Muscle Diseases - Bell's palsy
Bell's palsy is a paralysis of the facial nerve that was first described by Sir Charles Bell, a Scottish surgeon of the early nineteenth century. It may affect men and women at any age, though it occurs most commonly between the ages of 30 and 50. The onset of the facial paralysis may be abrupt: the patient may awaken one morning unable to move one side of his face. He can't wrinkle one side of his forehead or raise the eyebrow; the eye will not close on the affected side, and when attempting to smile, the face is pulled to the opposite side. Occasionally the patient may experience discomfort about the ear on the involved side. There is no difficulty in swallowing, but because the muscles about the corner of the mouth are weak, drooling is not uncommon, and food may accumulate in the gutter between gum and lip.
Bell's palsy may affect the branch of the facial nerve that supplies taste sensation to the anterior part of the tongue and the branch that supplies a small muscle in the middle ear (the stapedius ) whose function it is to dampen loud sounds. Depending on the extent to which the facial nerve is affected, the patient may be unable to perceive taste on the side of the paralysis and may be unusually sensitive to sounds, a condition known as hyperacusis .
The most probable causes of Bell's palsy are inflammation of the facial nerve as it passes through a bony canal within the skull or inflammation of that bony canal with subsequent swelling and compression of the nerve. It is not uncommon that the patient has a history of exposure to a cold breeze, such as sleeping in a draft or riding in an open car. Any patient who has a facial weakness should be carefully evaluated by a physician, preferably a neurologist, to be quite certain that there is no other neurologic abnormality. When the diagnosis of Bell's palsy is certain, some therapeutic measures can be taken.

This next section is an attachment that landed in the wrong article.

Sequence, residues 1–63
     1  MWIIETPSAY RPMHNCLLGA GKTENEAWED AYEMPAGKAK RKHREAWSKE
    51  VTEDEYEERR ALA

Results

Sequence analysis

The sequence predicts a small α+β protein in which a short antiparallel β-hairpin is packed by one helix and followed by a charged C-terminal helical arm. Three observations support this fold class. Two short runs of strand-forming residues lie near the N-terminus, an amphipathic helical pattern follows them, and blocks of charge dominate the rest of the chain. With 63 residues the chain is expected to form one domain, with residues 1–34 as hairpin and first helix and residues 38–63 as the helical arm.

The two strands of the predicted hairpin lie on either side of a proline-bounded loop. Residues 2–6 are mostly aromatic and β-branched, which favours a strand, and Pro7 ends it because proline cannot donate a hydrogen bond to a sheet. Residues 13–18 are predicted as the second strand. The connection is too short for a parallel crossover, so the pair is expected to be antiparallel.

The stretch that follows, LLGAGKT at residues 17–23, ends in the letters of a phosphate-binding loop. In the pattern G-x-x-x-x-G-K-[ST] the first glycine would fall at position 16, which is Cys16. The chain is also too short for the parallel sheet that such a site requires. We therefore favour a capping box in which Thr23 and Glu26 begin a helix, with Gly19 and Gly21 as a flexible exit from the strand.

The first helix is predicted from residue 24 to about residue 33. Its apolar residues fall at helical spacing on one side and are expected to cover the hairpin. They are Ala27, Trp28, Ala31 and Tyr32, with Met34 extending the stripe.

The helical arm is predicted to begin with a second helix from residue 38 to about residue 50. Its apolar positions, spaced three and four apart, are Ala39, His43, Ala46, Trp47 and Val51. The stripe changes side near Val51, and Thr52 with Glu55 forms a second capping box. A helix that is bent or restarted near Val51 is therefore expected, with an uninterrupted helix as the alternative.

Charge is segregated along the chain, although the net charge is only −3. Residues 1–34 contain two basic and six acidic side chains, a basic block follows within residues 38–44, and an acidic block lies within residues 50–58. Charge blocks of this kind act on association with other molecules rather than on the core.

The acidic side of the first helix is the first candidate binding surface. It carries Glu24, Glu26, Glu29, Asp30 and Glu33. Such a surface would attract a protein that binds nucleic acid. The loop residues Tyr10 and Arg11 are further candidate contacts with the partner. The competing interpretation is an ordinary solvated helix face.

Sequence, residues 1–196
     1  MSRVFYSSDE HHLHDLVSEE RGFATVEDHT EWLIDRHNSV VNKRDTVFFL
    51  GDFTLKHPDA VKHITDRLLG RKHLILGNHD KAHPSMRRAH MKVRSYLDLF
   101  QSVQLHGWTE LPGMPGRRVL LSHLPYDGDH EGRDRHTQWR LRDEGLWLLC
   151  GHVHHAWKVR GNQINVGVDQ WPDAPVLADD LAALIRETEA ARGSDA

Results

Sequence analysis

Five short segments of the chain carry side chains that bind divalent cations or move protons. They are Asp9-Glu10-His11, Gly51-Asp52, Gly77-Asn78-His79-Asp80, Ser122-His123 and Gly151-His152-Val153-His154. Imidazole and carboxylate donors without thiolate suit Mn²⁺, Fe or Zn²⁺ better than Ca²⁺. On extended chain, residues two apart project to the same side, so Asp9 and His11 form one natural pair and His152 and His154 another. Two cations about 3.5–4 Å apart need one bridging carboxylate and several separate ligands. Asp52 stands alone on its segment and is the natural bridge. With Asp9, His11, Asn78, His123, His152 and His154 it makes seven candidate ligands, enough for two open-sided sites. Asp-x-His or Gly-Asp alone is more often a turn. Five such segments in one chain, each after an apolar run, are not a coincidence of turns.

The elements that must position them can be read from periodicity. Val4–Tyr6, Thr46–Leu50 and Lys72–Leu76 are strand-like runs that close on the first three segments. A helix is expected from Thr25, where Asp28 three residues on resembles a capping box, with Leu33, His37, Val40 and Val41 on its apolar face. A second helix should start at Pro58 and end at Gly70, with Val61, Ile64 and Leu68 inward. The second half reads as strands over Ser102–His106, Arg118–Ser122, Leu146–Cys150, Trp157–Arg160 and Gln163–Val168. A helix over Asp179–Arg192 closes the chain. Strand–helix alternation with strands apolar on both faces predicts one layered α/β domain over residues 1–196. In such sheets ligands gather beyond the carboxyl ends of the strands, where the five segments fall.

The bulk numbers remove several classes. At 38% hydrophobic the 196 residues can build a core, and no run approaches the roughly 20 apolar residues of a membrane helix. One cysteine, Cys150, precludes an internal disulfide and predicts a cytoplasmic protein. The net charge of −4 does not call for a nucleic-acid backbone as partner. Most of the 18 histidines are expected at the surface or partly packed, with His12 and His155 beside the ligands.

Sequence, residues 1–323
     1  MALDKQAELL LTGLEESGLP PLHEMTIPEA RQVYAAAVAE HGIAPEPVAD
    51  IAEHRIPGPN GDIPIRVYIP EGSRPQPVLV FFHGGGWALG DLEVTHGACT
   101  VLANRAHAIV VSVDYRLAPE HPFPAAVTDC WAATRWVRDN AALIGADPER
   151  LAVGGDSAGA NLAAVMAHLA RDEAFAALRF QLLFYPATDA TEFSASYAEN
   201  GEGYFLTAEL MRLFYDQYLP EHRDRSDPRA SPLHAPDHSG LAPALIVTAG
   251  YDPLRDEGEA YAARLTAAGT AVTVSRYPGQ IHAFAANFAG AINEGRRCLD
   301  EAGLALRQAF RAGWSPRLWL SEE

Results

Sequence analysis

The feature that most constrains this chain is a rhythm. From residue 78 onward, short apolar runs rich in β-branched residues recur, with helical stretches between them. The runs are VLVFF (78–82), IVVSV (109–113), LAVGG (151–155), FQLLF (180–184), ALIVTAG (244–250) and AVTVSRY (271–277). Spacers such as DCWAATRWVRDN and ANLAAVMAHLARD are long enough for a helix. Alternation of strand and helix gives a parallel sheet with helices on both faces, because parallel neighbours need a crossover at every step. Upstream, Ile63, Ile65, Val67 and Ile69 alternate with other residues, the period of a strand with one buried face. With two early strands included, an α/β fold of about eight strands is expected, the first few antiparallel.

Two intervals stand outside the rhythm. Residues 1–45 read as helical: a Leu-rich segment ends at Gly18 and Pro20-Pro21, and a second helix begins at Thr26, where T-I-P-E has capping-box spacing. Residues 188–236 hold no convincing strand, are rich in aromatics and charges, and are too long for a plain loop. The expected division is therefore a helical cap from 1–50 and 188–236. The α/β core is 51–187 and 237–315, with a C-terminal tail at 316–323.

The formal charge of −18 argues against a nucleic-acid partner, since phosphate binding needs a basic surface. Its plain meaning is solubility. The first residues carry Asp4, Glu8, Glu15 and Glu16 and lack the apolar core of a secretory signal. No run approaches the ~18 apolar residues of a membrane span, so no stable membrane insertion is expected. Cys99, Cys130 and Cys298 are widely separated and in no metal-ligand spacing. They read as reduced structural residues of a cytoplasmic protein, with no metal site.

There is no specific treatment for Bell's palsy, but many physicians recommend massage, application of heat, and exercise of the weak muscles, either passive (by external manipulation) or active (by use). These therapeutic measures do not specifically influence the course of the facial nerve paralysis, but they are thought to be useful in maintaining tone of the facial muscles and preventing permanent deformity. Occasionally a V-shaped adhesive tape splint can be applied to the affected side of the face, from the corner of the mouth to the temple. Some physicians treat the condition with steroids such as cortisone, which may hasten recovery if begun at the onset of the illness.
In treating Bell's palsy, it is important to remember that when the eyelid does not close normally, the conjunctiva and cornea are not fully lubricated, and corneal lesions may develop from excessive dryness or exposure to the air. For this reason, some ophthalmic lubrication may be recommended by the physician.
About 80 percent of the patients with Bell's palsy recover completely in a few days or weeks, and about 10 to 15 percent recover more slowly, over a period of three to six months. The remaining 5 to 10 percent will have some residual facial deformity.